Connecting with Silent Voices
Recently we were interviewed on a radio show called VoiceAmerica Good Grief. Cheryl Jones, the host, focuses on how grief can transform and present opportunities for new growth.
Preparing for the show and for blogs on this website, I came across some notes written by my mother, Mathilda Gruber Conan, that I don’t remember ever seeing. She was in the hospital in New York, dying of leukemia. I don’t know if she knew she was dying. I was a small child – six when she entered the hospital, eight when she died – and in those days, children were not permitted to visit.
On Cheryl’s Good Grief show, I read this note:
“Dearest darling Pussycat – I do miss miss you. I miss the sound of your voice and the good night kisses. But I’ll be home soon. I hope the Chanukah play is nice. I wish I could be there. Next Time. I hope. Please listen to Auntie and cooperate with her. Don’t mind about Daddy coming to see me for a little while. I want to see him too. One of these days, we’ll all be together – for always. Love Mommy.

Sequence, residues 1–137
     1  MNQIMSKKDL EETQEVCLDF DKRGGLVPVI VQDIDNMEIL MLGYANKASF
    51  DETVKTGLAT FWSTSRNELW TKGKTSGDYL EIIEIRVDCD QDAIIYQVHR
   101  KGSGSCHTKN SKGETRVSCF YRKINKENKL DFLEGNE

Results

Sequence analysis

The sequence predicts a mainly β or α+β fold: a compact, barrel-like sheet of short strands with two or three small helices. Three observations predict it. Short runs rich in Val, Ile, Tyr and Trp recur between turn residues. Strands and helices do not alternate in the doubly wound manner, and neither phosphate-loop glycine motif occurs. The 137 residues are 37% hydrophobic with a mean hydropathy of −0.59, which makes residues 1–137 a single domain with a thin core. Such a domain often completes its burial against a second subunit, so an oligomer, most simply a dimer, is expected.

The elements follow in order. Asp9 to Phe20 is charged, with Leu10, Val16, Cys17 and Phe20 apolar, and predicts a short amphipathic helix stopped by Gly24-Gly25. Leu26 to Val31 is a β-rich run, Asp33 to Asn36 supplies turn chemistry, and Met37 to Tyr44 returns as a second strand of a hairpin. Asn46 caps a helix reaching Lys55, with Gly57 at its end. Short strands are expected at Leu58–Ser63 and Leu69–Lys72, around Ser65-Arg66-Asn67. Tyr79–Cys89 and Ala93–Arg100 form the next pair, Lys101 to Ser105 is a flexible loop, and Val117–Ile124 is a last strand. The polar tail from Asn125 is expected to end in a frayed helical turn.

She died in February, 1953. She was 47. In our novel Stumbling Stone, Jewish reporter Sarah Stern’s mother is alive and talks with her about her memories of Germany. Those conversations were based on my mother’s letters.
On the radio show, we talked about how notes like this – and Rudi’s father’s diary and his Uncle Gerhard’s postcards – make it possible to connect with people who have passed away long ago and to hear their long-silenced voices.
Share your thoughts about this with us.